Basis of Traditional Chinese Medicine’s Utilization of Pulse-taking, Auricular Points, Palm Diagnosis, and the Visual Inspection of the Body’s Appearances
Although diverse in its applications, the underlying principle of Traditional Chinese Medicine’s diagnostic methods of pulse-taking, auricular points, palm diagnosis, and visual inspection of the body’s appearances can be summarized in the bio-holographic theory developed by Professor Yingqing Zhang of the University of Shangdong in 1986.
The bio-holographic theory is both a modern-day paradigm in the field of biology and a new diagnostic and treatment technique, with characteristics such as simplicity, ease of use, wide range of application, accuracy in diagnosis, etc.
Dr. Zhang believes that there exist holistic and corresponding relationships between an organism and the individual organs, tissues, etc. making up the organism. These relationships not only manifest at the physical structural level, but also on a wide range of biological characteristics, such as physiological, pathological, biochemical, and genetical aspects.
Practical examples of this bio-holographic imagery theory include the pulse diagnosis of Traditional Chinese Medicine, and other diagnostics methods of observing or palpating the second metacarpal bones, the ears, the nose, the hand, the foot, and the face, since each of these parts of the body can be considered as a microcosm of the entire human body.
For example, pulse diagnosis has been used by practitioners of Traditional Chinese Medicine for thousands of years. These practitioners have long realized that the patterns of the pulses at several points of the body (including the wrist) can reflect the physiological and pathological conditions of the internal organs. These practitioners therefore leverage the knowledge of these pulse patterns to make diagnoses.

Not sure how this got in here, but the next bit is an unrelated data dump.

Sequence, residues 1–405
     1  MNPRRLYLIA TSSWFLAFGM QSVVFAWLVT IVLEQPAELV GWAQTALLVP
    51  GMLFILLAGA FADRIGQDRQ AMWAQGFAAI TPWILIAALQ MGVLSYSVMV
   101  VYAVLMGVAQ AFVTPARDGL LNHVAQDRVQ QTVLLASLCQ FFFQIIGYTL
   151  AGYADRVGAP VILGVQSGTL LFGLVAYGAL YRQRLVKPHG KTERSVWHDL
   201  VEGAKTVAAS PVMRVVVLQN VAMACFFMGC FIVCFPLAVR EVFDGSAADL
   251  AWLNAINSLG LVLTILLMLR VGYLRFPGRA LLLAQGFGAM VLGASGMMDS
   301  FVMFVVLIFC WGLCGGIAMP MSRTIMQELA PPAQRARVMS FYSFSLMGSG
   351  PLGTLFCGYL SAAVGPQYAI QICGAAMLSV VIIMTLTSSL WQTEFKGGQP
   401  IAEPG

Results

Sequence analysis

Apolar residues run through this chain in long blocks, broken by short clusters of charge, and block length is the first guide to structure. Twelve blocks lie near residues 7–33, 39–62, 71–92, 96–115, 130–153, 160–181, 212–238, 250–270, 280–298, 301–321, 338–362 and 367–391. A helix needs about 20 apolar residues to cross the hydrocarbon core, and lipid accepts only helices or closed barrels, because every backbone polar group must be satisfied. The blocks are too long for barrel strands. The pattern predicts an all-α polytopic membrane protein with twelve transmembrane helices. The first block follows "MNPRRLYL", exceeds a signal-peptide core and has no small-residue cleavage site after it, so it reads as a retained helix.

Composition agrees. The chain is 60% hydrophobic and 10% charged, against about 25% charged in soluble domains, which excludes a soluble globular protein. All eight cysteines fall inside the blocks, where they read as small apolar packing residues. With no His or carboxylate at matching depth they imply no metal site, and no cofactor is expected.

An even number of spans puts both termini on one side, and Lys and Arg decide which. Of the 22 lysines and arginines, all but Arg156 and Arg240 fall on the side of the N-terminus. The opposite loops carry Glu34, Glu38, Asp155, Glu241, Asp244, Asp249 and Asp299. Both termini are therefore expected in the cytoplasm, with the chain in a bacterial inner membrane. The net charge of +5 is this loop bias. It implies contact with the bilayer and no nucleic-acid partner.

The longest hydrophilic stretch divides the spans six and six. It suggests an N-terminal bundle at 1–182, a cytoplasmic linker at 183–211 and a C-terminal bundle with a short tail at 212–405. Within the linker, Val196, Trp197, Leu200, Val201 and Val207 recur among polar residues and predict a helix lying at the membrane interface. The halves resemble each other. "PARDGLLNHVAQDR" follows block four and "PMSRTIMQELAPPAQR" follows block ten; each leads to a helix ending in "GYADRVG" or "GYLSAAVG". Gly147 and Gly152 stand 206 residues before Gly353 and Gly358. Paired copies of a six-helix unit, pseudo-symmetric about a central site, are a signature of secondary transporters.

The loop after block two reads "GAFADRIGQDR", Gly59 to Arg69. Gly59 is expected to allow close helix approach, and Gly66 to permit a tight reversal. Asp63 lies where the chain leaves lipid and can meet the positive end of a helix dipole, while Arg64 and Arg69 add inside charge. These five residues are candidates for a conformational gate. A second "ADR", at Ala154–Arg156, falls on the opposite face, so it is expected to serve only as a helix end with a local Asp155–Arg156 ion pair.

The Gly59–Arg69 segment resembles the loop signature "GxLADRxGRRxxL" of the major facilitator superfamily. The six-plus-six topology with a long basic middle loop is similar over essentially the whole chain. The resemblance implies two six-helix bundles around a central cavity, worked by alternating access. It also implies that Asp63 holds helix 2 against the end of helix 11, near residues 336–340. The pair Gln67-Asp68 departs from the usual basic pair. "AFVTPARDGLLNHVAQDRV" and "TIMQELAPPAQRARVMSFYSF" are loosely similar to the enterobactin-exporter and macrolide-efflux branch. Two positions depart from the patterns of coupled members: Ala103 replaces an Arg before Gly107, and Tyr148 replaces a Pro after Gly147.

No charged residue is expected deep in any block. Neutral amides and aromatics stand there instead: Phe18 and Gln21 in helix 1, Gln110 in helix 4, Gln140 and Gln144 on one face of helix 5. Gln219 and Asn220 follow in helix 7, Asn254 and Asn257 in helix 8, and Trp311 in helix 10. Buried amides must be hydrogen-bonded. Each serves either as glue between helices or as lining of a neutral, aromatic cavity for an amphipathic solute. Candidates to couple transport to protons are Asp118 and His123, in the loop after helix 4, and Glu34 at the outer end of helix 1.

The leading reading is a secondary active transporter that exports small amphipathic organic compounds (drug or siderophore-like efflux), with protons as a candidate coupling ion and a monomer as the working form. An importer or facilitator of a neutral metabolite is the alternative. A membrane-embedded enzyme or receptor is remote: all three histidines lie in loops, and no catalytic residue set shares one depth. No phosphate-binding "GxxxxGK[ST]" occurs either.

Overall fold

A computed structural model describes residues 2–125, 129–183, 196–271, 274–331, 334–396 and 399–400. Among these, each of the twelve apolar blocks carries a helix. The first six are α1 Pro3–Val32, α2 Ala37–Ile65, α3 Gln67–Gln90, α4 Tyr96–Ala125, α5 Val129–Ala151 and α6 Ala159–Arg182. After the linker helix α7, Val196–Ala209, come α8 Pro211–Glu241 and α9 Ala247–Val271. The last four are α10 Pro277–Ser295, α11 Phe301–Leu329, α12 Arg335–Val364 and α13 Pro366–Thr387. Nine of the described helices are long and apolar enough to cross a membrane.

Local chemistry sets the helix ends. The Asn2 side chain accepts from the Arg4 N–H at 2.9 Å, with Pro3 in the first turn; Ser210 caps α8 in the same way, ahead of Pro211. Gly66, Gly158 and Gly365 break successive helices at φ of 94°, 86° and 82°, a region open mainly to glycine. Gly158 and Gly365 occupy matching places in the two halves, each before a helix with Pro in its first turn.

Another example of the bio-holographic theory is the field of auriculotherapy. In 1957, a French surgeon by the name of Dr. Paul Nogier published a detailed chart of auricular points, resembling the image of a upside-down embryo, in a German acupuncture periodical. Since then, this chart has been widely applied in clinical treatments.
Other examples of the bio-holographic theory include diagnosis by observing the patient’s palms and the diagnosis and therapy by palpating and massaging the soles of the feet (foot reflexology). Palm diagnosis was studied relatively early in the Western world. In 1892, Francis Galton published “Finger Prints,” documenting evidence of how genetics affects the development of the grain patterns of the skin. On the other hand, Chinese foot reflexology was introduced to Europe as early as the middle of the sixteenth century. In 1917, based on the foundation of Chinese foot reflexology, British physician Dr. Fitzgerald created his unique “foot reflex therapy” and published the book, “Zone Therapy.” Later in the 1970s, Father Josef Eugster further promoted the knowledge and treatments of reflexology.
Based on comprehensive observations and holistic considerations, Traditional Chinese Medicine’s diagnosis and treatments of diseases are therefore effective and safe.